The Criminal Justice Information Services Division (CJIS) oversees State operations involving:
- National Law Enforcement Telecommunications System (NLETS)
- National Crime Information Center (NCIC)
- Virginia Criminal Information Network (VCIN)
These systems provide criminal justice agencies throughout Virginia with rapid access to local, state and national files related to:
- wanted or missing persons
- stolen property including motor vehicles
- hazardous material spills
- severe weather conditions
- airplane crashes
CJIS also operates the Central Criminal Records Exchange, Sex Offender Registry, Missing Children Information Clearinghouse, Automated Fingerprint Identification System, and the Firearms Transaction Center. Additional information on these programs, including references to statutes contained in the Code of Virginia, are available via the links provided at the top of this page. Please e-mail specific questions to: Lt.CJIS@vsp.virginia.gov .
The following forms can be viewed, downloaded and/or printed from the Virginia State Police Forms page:
- SP-24, National Criminal Background Check For Employees or Volunteer Providing Care To Children, the Elderly and Disabled
- SP-167, Criminal History Record Request
- SP-230, Name Search Request Form for Criminal History Record and/or Sex Offense and Crimes Against Minors Registry Search
- SP-266, Name Search Request Form for Sex Offender and Crimes Against Minors Search
- SP-69, Firearms Dealer Registration
- SP-190, Firearms Show Notification Form
- SP-115, Application for Machine Gun Registration
- State application for employment
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How long does it take to receive a response when a Criminal Record and/or Sex Offender Name Search Request form is submitted?
The average response time to a request is 12-15 business days. If somewhat more time has elapsed, you may call (804) 674-2024 to request a status check of your submission. Responses to telephone inquiries are returned at 9 a.m. and 4 p.m. daily.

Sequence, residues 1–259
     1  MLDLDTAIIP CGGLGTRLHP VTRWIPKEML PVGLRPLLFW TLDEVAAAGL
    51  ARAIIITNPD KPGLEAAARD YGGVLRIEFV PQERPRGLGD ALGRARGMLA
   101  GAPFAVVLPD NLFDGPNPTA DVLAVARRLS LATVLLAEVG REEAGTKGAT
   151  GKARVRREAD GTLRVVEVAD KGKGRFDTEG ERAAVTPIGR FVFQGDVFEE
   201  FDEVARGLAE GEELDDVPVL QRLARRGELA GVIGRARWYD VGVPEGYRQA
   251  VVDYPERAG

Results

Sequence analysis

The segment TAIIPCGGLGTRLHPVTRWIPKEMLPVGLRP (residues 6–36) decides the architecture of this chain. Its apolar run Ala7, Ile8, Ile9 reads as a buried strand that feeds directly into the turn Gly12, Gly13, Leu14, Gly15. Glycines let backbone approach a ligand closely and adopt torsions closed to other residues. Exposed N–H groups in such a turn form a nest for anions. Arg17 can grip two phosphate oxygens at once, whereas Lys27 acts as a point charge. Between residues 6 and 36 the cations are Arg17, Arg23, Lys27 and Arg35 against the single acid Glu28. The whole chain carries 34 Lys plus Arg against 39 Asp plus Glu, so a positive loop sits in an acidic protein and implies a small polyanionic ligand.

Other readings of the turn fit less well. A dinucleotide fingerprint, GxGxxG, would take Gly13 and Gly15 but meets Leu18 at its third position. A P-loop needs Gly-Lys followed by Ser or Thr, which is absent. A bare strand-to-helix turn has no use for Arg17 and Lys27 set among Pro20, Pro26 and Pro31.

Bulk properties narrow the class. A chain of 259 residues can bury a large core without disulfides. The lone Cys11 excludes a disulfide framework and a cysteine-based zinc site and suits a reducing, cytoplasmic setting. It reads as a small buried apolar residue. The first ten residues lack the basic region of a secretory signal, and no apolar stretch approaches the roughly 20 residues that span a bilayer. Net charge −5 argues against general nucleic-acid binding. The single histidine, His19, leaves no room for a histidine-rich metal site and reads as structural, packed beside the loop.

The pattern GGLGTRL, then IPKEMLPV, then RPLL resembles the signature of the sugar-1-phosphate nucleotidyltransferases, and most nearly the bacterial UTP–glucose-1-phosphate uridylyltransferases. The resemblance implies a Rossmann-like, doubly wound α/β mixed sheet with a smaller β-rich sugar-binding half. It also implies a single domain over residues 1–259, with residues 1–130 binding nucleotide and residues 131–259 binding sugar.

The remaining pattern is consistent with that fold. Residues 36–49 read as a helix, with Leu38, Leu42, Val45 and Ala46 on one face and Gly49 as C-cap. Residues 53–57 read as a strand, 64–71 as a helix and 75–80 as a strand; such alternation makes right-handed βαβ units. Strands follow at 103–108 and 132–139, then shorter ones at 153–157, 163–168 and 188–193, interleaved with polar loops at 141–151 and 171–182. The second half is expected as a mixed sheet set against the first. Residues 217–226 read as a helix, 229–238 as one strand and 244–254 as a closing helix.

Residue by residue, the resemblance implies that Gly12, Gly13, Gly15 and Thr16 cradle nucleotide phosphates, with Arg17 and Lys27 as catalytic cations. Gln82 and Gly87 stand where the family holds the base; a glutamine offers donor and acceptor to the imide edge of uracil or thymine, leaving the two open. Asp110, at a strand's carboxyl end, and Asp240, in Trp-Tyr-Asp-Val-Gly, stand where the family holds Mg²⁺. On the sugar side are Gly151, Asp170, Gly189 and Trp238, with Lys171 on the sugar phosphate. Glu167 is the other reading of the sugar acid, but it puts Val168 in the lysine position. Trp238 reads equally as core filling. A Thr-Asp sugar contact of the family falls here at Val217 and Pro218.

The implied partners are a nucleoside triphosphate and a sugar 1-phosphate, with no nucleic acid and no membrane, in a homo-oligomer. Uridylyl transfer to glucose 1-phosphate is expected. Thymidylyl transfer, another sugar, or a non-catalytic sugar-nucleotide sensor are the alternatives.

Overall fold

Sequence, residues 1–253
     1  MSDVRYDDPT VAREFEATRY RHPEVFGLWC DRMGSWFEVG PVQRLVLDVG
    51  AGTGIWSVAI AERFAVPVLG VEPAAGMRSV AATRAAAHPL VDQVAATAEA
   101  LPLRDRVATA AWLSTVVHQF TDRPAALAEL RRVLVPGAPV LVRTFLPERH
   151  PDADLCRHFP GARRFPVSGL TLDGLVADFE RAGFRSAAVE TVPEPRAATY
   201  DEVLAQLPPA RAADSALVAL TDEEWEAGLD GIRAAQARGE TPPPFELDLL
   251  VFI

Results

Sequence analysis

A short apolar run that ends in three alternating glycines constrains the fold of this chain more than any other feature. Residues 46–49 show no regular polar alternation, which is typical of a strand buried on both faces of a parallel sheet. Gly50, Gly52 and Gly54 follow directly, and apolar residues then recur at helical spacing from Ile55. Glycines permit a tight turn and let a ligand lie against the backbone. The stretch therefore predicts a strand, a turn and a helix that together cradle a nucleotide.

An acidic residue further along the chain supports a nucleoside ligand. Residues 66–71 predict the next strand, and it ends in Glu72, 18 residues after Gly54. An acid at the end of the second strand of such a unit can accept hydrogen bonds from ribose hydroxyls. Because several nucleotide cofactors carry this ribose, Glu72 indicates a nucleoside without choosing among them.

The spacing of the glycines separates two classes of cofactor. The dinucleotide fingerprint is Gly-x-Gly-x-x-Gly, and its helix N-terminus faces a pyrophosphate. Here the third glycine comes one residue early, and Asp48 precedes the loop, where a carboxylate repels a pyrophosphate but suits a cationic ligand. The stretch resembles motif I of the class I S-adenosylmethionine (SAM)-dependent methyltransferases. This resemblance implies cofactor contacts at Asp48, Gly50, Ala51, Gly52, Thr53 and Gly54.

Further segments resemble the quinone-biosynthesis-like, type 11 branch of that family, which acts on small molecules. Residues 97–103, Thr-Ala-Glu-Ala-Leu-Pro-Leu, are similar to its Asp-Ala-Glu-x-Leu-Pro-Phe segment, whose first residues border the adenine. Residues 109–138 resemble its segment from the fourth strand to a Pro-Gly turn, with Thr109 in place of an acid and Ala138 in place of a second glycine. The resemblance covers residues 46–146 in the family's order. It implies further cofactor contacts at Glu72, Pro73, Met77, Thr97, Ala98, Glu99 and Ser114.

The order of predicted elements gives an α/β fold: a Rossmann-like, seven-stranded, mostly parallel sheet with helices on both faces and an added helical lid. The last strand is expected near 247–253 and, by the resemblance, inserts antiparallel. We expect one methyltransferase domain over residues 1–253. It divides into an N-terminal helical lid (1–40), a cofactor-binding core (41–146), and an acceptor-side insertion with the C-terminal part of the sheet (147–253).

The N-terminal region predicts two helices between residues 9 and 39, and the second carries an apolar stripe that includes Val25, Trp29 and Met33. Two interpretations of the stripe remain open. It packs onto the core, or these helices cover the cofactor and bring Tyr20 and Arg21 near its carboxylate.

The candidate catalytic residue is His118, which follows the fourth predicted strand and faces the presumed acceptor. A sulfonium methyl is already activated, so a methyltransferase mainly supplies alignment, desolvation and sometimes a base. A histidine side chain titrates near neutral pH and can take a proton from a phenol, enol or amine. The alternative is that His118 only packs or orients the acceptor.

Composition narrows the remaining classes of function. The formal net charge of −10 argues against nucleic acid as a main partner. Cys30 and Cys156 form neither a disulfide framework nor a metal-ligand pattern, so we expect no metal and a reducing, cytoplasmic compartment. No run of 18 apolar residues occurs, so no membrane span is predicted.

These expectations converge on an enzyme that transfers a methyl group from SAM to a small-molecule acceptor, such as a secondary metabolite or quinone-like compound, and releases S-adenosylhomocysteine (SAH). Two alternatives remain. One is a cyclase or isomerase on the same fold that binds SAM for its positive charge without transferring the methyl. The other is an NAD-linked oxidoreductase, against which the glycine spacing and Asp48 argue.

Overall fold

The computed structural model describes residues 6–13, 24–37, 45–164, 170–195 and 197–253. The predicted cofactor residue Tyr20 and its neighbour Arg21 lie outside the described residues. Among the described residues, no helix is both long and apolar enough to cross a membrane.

What is the procedure for a person living outside of U. S. to obtain a copy of their criminal record?
You may obtain a copy of your criminal record by submitting a Criminal History Record Request (SP-167) form which can be downloaded from this Web site. The form requires a notarized signature and a fee of $15.00 is assessed for each request. Allow approximately 12-15 business days for processing.
Can I obtain criminal history information on someone else?
In order to obtain criminal history information on another individual, you must obtain their consent for release of the record by completing a Request for Criminal History Information Form (SP-167) which can be downloaded from this Web site. The form requires the notarized signature of the requestor, as well as the person named in the record, and a fee of $15.00 is assessed for each request. The results will contain conviction information maintained in Virginia’s files. Please allow approximately 12-15 business days to receive your response.
We need to conduct numerous employee criminal record name searches in the state of Virginia. How can we be authorized to request criminal record electronically?
There is a program called the Non-Criminal Justice Interface (NCJI). The agency must be a Virginia based company, have a PC with access to the Internet, and enter into an agreement with State Police. To initiate this service or request additional information, please write to the Department of State Police, Criminal Justice Information Services Division, P. O. Box 27472, Richmond, Virginia 23261-7472 or you may call (804) 674-6721 for instructions.
What do I need to do to get a copy of my criminal history for employment purposes?
To obtain criminal history information you must authorize the Department to provide your record by completing a Request for Criminal History Information Form (SP-167). The form requires your notarized signature and may be downloaded from this web site. A fee of $15.00 is
assessed for each request. The response will contain only conviction information maintained in Virginia's files. Please allow approximately 12-15 business days to receive your response.